Archive for public money

1960s “God is Dead” Furor

Posted in agnoticism, Atheist, Bible, Christianity, culture, freethought, history, life, politics, random, religion, Uncategorized with tags , , , on May 10, 2009 by chouck017894

(Excerpt from Time Frames and Taboo Data, pages 392-393.)

The 1960s would see cultural and political changes in the United States, and it was reflected in discussions taking place among academic theologians. The debate that surfaced, and which startled the public, was occasioned by the theology propounded by such theologians as William Hamilton, Gabriel Vahanian, Paul van Buren, and the provocative Thomas J. J. Altizer, then professor of religion at Emory Univeristy. Altizer dared to state, “We must realize that the death of God is an historical event, and God has died in our cosmos, in our history, in our (existence).” Such bluntness made him a minor celebrity. But the observation was really not new radicalism: Friedrich Nietzsche had asserted the death of God nearly a century earlier. The statement, God is dead, simply served as a phrase to express the obvious incompatibility between a modern worldwide view and the practiced “faith” in some transcendent deity. By 1965-66 Time Magazine exposed the controversy to broader public attention, and the magazine was swamped with correspondence—most of it anti-Altizer. Outraged clergy and Emory alumni threatened to withold donations from the school, but the president of the Methodist-affiliated college pointed out that Altizer was in the undergraduate department of religion, not in the Candler School of Theology (which was responsible for training ministers). As a result of the controversy, however, Emory was no longer an obscure southern church school, but was looked upon as a prestigious research university with a reputation for theological liberalism.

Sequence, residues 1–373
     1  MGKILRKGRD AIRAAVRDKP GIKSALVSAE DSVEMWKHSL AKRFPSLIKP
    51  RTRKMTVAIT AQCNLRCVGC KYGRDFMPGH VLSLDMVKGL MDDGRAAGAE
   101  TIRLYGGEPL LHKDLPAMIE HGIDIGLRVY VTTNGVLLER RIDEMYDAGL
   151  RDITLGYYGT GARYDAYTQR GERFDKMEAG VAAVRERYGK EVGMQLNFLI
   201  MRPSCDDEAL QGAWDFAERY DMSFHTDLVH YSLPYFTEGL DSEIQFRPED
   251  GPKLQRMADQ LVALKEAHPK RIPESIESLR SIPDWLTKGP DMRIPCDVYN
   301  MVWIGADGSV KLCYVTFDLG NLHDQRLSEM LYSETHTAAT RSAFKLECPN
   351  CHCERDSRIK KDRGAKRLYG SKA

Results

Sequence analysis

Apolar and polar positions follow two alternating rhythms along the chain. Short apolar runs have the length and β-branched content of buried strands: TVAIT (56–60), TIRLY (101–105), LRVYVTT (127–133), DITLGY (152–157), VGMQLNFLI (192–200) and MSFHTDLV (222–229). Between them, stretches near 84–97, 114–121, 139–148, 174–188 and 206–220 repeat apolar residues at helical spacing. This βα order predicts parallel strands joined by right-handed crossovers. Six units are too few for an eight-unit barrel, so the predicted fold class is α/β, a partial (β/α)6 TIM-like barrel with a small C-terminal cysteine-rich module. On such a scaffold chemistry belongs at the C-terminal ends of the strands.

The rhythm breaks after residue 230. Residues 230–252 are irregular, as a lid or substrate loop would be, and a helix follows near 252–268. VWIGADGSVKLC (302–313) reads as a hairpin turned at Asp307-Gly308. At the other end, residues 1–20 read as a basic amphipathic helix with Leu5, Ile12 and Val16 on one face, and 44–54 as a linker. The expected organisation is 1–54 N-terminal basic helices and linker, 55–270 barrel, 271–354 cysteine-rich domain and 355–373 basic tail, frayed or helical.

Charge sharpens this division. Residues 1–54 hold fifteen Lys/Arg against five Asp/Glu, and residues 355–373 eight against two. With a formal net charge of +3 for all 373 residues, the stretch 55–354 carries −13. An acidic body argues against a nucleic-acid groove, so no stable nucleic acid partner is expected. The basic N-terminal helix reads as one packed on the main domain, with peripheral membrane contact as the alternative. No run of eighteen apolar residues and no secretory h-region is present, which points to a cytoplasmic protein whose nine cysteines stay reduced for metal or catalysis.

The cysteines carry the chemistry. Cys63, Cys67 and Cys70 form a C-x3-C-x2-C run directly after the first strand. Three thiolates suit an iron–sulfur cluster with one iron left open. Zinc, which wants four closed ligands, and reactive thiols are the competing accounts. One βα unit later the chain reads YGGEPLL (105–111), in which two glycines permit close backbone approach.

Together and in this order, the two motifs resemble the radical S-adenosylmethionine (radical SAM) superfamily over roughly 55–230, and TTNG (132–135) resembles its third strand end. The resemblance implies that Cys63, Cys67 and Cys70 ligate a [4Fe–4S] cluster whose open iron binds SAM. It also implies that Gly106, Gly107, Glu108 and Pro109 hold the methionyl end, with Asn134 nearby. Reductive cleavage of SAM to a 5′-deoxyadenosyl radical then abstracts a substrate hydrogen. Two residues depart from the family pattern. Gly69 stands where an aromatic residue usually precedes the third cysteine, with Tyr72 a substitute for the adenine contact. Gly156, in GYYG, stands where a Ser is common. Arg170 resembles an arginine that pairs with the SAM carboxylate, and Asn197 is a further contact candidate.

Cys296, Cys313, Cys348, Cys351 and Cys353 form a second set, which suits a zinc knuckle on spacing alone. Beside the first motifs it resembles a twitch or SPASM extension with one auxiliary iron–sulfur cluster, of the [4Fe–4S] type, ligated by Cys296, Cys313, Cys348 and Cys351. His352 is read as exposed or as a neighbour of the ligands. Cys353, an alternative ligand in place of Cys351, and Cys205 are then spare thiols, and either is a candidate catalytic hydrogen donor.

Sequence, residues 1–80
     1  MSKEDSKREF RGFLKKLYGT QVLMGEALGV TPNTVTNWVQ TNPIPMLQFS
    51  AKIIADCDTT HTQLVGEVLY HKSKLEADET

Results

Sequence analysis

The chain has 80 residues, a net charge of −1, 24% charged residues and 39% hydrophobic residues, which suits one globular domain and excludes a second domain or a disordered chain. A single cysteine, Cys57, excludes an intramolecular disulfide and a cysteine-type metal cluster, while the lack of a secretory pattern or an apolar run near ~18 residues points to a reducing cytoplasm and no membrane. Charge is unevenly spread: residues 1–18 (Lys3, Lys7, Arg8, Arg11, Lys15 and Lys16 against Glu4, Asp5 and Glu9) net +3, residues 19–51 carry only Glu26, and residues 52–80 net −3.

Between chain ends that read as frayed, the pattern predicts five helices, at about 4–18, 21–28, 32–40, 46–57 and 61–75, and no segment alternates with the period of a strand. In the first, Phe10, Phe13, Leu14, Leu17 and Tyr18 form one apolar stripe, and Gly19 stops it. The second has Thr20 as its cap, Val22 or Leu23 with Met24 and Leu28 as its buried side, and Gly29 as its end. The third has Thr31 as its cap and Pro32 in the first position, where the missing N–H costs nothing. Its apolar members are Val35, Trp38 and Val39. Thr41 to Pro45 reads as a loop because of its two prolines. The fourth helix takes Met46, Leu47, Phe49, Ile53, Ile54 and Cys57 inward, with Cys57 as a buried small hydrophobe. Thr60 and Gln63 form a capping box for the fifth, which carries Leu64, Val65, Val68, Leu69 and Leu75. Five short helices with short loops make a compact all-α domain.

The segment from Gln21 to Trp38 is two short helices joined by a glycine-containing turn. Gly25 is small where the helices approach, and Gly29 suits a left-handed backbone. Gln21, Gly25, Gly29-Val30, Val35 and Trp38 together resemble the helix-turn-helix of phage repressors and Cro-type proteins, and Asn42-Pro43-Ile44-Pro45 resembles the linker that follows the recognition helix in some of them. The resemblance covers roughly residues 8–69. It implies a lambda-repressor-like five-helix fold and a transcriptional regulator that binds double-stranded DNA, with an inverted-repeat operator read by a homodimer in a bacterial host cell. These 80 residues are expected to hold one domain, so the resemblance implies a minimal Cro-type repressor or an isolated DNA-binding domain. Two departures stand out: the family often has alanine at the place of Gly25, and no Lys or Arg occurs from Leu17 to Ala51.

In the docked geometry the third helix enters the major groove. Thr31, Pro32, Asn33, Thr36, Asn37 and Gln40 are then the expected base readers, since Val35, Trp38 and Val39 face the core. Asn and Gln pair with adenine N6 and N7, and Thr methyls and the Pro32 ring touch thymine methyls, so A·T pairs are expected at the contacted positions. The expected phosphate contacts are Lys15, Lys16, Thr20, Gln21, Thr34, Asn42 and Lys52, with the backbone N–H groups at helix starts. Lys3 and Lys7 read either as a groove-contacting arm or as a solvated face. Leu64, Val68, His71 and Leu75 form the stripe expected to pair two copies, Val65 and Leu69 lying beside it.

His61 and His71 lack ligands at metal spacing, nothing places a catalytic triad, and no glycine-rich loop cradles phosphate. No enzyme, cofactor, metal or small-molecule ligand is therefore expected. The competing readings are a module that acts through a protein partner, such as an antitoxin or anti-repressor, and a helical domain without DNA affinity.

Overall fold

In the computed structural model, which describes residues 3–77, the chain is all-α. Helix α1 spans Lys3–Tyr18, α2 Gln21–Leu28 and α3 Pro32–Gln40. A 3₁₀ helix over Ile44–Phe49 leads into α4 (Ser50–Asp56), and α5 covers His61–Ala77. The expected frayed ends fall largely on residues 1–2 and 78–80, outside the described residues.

Through the 1960s there arose much media hubbub over the great religious revival taking place in the United States: church attendance was up, they crowed, and the televagelists were beginning to rake in big donations. The media avoided mentioning much about the other side of the issue—that keeping pace with the rising religious fervor was the steady rise in crime, delinquency, racial tensions, alcoholism, a rise in drug problems, higher divorce rates, and an increase in suicides. The ’60s would see an alarming rate of policies put forth to divert public money to private religious schools, and once again alarmed citizens moved to file additional court actions to block these unconstitutional forms of aid.

Today, nearly fifty years later, the religious hacks are still attempting to steal public money for their private beliefs.